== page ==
Although it may not always be visible, there are significant numbers of disabled people living in low-income communities. ISVIMED estimates that 12 per cent of the Medellín population is disabled. Disability Awareness in Action, the global human rights for disability network states that “There is a strong relationship between poverty and disability”. Poverty can be linked to a higher risk of acquiring a disability, once a person has a disability they are more vulnerable to becoming poor”.
The programme is part of ISVIMED’s wider Housing Improvement programme which focuses on the needs of low income people, particularly those living in low-income communities.
The project focuses on improving the living conditions of disabled people with mobility difficulties by providing them with bathrooms. This significantly improves the quality of life for people living in some of the city’s poorest neighbourhoods.
What impact has it had?
Between 2013 and 2015, the project has successfully improved 1,450 homes in the city of Medellín.
How is it funded?
The programme is funded wholly by the City of Medellín and has cost US$1.3million for the improvement of up to 2,000 homes over two years.
Why is it innovative?
Government housing programmes in Latin America rarely apply to both formal and informal housing sectors. The programme is uniquely focused on people’s needs not on a sector.
The programme is focused on minimal intervention at low cost, enabling it to reach a large amount of people quickly.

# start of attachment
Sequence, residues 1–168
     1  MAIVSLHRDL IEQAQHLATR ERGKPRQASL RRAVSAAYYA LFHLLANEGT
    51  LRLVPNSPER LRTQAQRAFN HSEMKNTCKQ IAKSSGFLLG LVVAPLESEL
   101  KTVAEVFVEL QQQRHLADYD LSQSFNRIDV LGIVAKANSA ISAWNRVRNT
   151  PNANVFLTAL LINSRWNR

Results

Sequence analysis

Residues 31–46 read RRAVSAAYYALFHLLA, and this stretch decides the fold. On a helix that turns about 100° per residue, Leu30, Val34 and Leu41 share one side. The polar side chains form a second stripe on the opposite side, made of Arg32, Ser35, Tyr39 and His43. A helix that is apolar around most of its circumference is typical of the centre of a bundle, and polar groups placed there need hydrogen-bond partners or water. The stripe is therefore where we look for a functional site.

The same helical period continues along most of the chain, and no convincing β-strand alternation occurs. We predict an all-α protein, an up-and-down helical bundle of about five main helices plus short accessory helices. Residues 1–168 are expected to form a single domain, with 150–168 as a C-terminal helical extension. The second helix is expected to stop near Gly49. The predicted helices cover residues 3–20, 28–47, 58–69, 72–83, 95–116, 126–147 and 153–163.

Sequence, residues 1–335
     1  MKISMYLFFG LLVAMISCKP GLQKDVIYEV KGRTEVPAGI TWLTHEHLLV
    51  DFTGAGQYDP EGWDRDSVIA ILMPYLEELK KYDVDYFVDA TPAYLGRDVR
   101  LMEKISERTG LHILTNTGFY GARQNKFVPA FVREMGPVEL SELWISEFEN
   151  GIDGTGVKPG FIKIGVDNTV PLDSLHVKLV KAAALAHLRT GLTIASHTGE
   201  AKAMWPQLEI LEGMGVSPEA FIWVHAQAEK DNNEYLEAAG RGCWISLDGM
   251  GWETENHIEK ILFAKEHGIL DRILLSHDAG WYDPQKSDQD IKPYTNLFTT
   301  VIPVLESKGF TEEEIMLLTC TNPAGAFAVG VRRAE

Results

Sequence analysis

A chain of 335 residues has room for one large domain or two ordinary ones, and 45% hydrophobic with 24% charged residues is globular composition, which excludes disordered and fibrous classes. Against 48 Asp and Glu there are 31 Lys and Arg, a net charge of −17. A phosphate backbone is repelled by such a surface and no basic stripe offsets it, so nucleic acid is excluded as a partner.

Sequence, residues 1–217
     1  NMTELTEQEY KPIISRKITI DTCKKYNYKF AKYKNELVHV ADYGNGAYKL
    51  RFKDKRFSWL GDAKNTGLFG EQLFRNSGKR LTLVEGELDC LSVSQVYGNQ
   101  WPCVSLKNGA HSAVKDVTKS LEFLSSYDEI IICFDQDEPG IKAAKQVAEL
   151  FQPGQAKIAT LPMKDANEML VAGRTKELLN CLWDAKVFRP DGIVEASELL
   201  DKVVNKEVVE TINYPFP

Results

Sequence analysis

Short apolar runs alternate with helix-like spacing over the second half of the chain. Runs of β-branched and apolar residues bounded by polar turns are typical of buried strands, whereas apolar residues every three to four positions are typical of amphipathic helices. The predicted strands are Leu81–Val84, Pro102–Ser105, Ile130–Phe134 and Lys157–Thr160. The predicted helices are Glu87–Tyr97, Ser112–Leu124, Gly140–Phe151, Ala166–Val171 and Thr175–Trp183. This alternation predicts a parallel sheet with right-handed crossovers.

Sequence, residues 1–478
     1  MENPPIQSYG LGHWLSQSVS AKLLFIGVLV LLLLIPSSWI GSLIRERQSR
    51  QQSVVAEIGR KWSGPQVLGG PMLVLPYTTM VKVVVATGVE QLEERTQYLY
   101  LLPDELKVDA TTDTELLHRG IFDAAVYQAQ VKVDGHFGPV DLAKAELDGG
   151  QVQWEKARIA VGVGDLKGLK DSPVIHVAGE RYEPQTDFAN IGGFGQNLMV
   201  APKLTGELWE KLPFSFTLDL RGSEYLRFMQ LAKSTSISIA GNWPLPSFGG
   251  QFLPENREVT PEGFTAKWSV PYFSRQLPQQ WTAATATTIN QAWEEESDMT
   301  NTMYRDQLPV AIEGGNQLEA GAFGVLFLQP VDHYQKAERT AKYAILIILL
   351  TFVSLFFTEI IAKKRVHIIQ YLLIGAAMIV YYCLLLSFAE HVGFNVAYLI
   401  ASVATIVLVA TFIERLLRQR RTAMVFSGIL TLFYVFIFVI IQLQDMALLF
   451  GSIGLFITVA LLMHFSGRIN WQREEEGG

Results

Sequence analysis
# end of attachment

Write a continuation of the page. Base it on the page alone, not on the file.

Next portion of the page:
Is it financially sustainable?
The project is wholly funded by the local authority and thereby is currently reliant on ongoing public funds.
What is the social impact?
ISVIMED see bathrooms as particularly significant. The privacy that being able to bathe independently brings is important in developing self-esteem and confidence.
By making improvements to the houses where people with disabilities live, Mejoramiento Sin Barreras is providing the conditions that are necessary to help disabled people live autonomously whilst freeing up time for their carers.
The main difficulty for the development and implementation of Mejoramiento Sin Barreras is the lack of reliable data about people with disabilities in the city. Currently there is no information that allows them to identify disabled people and collecting this information has proved difficult.
To overcome this problem, Mejoramiento Sin Barreras promoted the programme through the media and encouraged disabled people to come forward and apply.
An implication of this approach is that ISVIMED were not able to target the programme according to those with the greatest need.
The budget timetable for the City of Medellín and the change in administration within the local authority meant the programme could only be offered for a two year period, although there is the potential for the programme to be repeated by the new administration.
The programme operated with little information about the client group it was helping. A preliminary research study would have helped ISVIMED plan and target the programme more effectively.
The programme has a team of evaluators employed throughout the implementation phase to monitor performance. The evaluation has yet to be completed.
There is interest from other cities in Colombia to replicate the programme, but this has not happened yet.